K^32 + K^31 + K^30 + ... + K^1 = C

Since K^32 is very much larger than Sum K^i for i from 1 to 31, we may say that:

K = root(C, base=32)

Approximate result from this roughly calculation is:

K = 10470 * 10**15

Note: this is not the final answer, just compute it to see how large the number can be.

Assume original message P is also has format of MD5, hence only ASCII char that can represent hex allowed. Which tells us that valid char range is 0-9, a-f, and A-F. These translated with ord function to the values of 48-57, 97-102, and 65-70, respectively. Consider worst case with the lower a-f, each ord(p) from P can be ranged from 48-102.

Assume every char in P is '0', its ord value is 48, and Ku is an upper bound of the key:

48 Ku^32 + 48 Ku^31 + ... 48 Ku^1 = C
Ku = root(C/48, base=32)
>>> Ku = 9280 * 10**15

Assume every char in P is 'f', its ord value is 102, and Kl is a lower bound of the key:

102 Kl^32 + 102 Kl^31 + ... 102 Kl^1 = C
Kl = root(C/102, base=32)
>>> Kl = 9060 * 10**15

So basically, if you select a key K that is not satisfy with Kl <= K <= Ku. Then we will never got the answer because E(P, K) != C for every possible P.

Possible Keys

Take a look at the encrypt function, we see that:

E(P, K) = ord(P1) K^n + ord(P2) K^(n-1) + ... + ord(Pn) K^1
        = (ord(P1) K^(n-1) + ord(P2) K^(n-2) + ... + ord(Pn) K^0) K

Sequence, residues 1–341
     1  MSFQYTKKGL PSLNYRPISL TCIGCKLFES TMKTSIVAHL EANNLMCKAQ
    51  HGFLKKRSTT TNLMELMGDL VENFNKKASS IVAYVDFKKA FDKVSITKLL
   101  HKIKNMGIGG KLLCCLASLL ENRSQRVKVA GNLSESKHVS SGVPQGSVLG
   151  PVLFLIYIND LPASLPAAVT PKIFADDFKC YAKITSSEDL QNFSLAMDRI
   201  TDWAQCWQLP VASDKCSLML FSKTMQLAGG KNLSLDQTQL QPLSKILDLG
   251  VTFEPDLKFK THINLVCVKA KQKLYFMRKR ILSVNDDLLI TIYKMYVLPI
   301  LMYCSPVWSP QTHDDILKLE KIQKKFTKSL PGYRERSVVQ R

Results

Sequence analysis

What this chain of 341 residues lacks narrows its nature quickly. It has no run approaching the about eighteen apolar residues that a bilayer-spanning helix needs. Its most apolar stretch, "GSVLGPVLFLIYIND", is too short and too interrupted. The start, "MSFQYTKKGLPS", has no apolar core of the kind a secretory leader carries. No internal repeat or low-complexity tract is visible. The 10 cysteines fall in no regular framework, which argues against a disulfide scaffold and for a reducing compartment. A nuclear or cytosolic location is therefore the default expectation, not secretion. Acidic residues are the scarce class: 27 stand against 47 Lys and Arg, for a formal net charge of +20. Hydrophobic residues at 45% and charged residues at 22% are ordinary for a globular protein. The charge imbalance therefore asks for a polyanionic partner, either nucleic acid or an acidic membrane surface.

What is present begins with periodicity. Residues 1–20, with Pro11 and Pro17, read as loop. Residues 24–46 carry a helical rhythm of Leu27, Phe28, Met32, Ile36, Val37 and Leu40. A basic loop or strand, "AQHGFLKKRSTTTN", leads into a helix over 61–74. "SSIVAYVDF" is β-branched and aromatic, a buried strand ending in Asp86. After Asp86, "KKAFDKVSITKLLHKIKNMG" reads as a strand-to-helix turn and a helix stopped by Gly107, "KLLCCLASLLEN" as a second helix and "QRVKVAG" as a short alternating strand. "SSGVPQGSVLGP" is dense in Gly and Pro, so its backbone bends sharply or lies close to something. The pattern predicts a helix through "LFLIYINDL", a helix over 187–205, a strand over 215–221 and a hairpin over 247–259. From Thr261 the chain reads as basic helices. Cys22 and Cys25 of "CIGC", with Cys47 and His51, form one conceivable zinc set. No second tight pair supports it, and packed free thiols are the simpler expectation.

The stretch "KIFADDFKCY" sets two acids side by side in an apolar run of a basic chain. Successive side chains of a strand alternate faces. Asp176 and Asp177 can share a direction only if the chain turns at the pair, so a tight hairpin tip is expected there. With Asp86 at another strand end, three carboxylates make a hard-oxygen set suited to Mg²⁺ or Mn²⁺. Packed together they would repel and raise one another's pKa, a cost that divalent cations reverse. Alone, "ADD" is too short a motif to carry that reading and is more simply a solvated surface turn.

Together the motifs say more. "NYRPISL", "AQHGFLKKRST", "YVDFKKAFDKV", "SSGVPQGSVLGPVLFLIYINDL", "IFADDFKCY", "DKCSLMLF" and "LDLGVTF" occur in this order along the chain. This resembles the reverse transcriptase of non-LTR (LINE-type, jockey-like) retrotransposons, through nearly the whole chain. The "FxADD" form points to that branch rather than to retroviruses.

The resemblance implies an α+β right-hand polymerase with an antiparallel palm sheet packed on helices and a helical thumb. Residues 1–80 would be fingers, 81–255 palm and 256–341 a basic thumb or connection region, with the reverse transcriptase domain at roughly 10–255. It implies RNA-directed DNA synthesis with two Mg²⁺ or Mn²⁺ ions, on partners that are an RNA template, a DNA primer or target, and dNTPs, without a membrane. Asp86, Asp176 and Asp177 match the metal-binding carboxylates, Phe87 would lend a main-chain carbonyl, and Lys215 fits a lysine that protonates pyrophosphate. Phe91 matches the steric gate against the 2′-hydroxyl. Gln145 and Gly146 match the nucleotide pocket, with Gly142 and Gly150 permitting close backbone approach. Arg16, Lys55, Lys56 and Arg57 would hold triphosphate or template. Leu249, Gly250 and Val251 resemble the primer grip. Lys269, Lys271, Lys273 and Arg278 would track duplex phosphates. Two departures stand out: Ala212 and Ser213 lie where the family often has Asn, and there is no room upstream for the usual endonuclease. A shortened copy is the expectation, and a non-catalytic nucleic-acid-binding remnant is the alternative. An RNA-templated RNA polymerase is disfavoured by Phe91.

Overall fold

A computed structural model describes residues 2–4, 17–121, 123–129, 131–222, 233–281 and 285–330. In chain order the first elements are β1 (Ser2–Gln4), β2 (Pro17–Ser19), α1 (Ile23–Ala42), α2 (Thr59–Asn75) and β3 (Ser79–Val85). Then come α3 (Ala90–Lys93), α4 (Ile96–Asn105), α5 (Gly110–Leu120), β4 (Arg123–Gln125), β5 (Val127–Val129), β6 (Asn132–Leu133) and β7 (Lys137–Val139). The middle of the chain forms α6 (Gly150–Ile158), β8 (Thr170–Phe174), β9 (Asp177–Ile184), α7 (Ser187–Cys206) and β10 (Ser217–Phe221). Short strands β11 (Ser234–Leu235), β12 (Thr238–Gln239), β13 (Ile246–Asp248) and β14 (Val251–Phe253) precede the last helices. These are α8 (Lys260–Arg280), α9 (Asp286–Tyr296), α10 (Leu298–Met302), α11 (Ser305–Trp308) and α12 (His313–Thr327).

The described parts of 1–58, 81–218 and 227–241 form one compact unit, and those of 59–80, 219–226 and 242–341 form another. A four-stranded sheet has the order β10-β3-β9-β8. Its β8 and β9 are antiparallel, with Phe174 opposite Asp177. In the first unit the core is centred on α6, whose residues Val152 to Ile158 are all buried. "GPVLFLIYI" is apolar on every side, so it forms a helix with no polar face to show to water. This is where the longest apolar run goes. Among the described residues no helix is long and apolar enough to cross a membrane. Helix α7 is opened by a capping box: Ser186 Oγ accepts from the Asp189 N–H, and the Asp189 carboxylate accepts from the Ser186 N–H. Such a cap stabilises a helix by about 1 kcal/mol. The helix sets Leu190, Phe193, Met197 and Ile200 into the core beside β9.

This may be the weakest link of the function that allow us to attack. It tell us that K must be divisor of C. In other word C % K == 0.

We need prime number ups to the largest possible K, Ku = 9.280x10^18. Unfortunately, computation that much primes is impossible nowadays. The best we can do here is to find as much factors as possible.

>>> it = factorized(C)
>>> factors = []
>>> try:
...     while True:
...         factors += [next(it)]
... except ValueError:
...     pass

>>> factors
[2, 2, 2, 3, 5, 5, 13, 13, 13, 13, 13, 13, 13, 13, 13, 13, 41, 106903]

The remaining number may be a large final prime, or may be it can be factorized further. We can ignore this number, as long as every factors from it is larger than Ku (we don't know whether this hold, but let's say it do). In case you wonder, that giant monstrous number is:


Next is to find all of the divisors of C, for example:

  • 2 is a divisor of C, since 2 is one of its factors.
  • 2^3 = 8 is a divisor of C, since 2 occur 3 times in the factors.
  • 2^2 x 13 x 41 = 2132 is also a divisor of C, same idea as above.

Then we will filter only divisors that falls in the key range.

>>> Ks = [k for k in divisors(factors) if Kl < k < Ku]

>>> Ks

Luckily enough, only one possible key shows up here! So now we'll take that key as the key to the answer. (If this key failed, then more brain power to be put in this :p)

Result and Discussion

Unfold to Plain Text

Now we have a key K, it's time to retrieve original message P.

>>> K = Ks[0]
>>> D(C, K)

The Real Answer

Try hashing every words in your dictionary, if you want to have some more fun (and make you feel like you just conquer the hacker's world). Otherwise just ask rainbow table anywhere on the internet.

>>> from hashlib import md5
>>> md5('cryptography'.encode()).hexdigest() == D(C, K)


By best practice, the key must be large prime in order to be uncrackable. However, we're very lucky that 1.) the key is a composite number, 2.) we know the length of the original plain text 3.) the character space used in plain text is very narrow. This flaws allow us to break that code in no time, though some aspect of the methodology may looks weird and unscalable. Thanks for a good puzzle. ;)